Among the first 1000 commenters here on the blog, I will give away 10 brand-new iPhone 5S *. To enter the contest you have only two thing to do. Write a comment below this article and like my Facebook page. In the next hours I also will post two more tasks on Facebook which will raise your chance to win one of the iPhones. The first task will be: “Like this, if you ever had a cold.” and finally the second upcoming task will be a survey with the following question: “If you are a men, like this – if you are a woman share this”. And always stay tuned because next month I will give away even 100 MacBook Pros*. And so it goes with the social media, am I right?
Now let’s face it – of course I won’t give away anything! Neither 10 iPhones, nor 100 MacBooks and even not 500 Peruvian guinea pigs or my stamp collection. (From which money should I buy all those stuff?) And yes, the introduction is provocative and no, I couldn’t resist that.
What I really want, is to talk about these unspeakably stupid pseudo-competitions which are held regularly on Facebook. I mean those “If you like this, you will win one of 20000 iPhones!”-contest. If any people with too much free time feel the need to start totally unrealistic, Brand Infringing and bordering on fraud competitions, whose content consists mainly of “Like XYZ and share my new page”, then normally I would say: “Hey let them do what they want, I don’t care about…”.
But what really shocks me every time afresh is the naivety of people who still fall for it. I actually thought that my contacts on Facebook are formed to in the extent that they do not fall for such meshes and scams. Sadly, I still get messages ala ” XYZ likes ’5000 iPhones for the first 5000 likes’ ” into my Facebook timeline again and again – and often it involves people who are stuck in the middle of their studies. (This does not mean that I see a degree as a prerequisite for common sense, but just from students I actually expect a more critical and questioning attitude.)
I always ask myself the following question – “Why does someone like such obviously fake sites” – And now I’ve set the following theories:
- People do not even read what or who they provide with their “like”-click
- The people switch off their brains as soon as the words iPhone and giveaway are mentioned in the same sentence
- The people still havn’t learned that there is not anything for free on the Internet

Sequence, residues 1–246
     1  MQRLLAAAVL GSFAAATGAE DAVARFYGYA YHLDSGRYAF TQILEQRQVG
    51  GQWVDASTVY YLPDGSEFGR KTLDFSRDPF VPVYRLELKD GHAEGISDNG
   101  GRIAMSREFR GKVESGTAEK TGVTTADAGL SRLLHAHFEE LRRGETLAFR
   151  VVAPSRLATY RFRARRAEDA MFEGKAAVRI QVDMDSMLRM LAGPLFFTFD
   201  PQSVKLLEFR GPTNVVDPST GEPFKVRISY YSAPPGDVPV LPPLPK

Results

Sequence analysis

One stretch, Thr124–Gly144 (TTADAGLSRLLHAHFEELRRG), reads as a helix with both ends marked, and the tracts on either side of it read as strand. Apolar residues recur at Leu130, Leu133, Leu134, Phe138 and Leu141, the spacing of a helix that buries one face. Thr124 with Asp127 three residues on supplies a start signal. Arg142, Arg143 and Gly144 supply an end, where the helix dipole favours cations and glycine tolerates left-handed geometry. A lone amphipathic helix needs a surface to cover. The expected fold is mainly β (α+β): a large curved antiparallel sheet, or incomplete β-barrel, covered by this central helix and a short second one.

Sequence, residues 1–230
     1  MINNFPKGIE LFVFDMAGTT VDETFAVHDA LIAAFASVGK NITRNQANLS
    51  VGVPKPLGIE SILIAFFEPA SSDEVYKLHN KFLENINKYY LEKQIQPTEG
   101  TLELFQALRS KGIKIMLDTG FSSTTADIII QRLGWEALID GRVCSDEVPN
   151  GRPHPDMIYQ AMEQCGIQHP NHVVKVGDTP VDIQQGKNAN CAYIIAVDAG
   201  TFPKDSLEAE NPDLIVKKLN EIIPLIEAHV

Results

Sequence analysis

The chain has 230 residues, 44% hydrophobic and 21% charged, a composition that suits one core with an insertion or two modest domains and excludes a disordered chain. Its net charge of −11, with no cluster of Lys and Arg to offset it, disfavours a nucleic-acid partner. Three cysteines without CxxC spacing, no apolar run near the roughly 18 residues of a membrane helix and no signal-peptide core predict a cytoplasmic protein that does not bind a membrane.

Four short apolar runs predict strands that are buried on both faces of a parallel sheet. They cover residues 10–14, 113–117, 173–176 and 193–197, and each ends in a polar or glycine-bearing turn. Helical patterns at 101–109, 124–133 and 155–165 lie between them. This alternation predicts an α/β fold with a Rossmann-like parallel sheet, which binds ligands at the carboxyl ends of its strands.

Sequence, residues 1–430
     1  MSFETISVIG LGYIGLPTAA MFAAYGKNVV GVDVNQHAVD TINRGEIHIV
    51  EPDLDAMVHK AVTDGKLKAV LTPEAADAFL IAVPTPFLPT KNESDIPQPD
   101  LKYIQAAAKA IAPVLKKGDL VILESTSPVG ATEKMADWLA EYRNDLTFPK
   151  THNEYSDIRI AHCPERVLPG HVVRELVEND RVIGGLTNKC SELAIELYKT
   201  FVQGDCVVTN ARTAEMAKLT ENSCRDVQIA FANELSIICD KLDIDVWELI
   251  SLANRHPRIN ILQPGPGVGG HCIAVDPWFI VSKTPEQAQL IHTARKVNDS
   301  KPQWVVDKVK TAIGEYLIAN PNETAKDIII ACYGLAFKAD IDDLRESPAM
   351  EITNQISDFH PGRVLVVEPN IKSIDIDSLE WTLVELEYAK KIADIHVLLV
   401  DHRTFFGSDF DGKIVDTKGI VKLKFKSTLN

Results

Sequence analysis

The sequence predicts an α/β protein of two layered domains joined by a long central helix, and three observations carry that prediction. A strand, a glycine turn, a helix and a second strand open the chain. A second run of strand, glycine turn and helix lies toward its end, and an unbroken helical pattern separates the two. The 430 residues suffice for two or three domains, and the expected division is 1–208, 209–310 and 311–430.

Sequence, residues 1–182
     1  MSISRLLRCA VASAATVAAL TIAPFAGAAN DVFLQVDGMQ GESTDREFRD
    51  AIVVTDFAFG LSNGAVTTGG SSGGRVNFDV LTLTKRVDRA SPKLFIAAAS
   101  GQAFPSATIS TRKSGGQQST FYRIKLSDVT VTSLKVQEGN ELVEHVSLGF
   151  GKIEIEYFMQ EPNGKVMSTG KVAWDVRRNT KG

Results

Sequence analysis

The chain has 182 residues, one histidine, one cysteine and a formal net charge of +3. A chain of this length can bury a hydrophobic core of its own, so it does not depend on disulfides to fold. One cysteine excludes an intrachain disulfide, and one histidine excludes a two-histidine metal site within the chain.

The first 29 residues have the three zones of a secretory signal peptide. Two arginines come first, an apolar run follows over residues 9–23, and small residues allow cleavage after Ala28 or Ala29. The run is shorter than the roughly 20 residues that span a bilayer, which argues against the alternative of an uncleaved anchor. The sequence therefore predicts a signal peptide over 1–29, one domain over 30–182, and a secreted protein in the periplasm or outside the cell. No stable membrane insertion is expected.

No matter how I turn it, none of the assumptions can be a good sign for supporters of such Facebook pages. Since then, one only remains the possibility to sit down and pray for the people or just withdraw the friend request on Facebook. The only people who benefit from these “sweepstakes”, are the operators who sell the Facebook pages (if they have enough Likes) a few days later on eBay to lowbrow “Social Media Managers”. That such a site is actually worthless because the Likes come from a very different context and visitors remove the likes when they realize that there is nothing to win, for sure isn’t mentioned in eBay auctions description…
So all in all I please you to loudly read out the following sentences in an almost mantra-like audition:
- Before I click on “Like” buttons, I read what I actually will like
- Before I join lotterys/contest on Facebook I check the authenticity of the operator and ask myself whether the Sweepstakes may be genuine or whether the gain is so high that it must be a fake
- I wonder if the site is so good that I really want to annoy my friends with messages of this page in their timelines
There isn’t much more I have to say about this topic for now. What do you think about it? Do you also have such “candidates” in your friends list, who taking part in such contests or do you take part in it yourself? If so, please tell me why do you join such fake contests? I would love to understand what drives a human to take part in such competitions. Really!
* Also at this point again – I will not give away neither iPhones nor MacBook Pros. The introduction of the article serves as a “sarcastic rhetorical device” to draw attention to the overall problem.
The article picture is taken by John Karakatsanis and released to the public under the CC BY-SA 2.0 License and can be found here.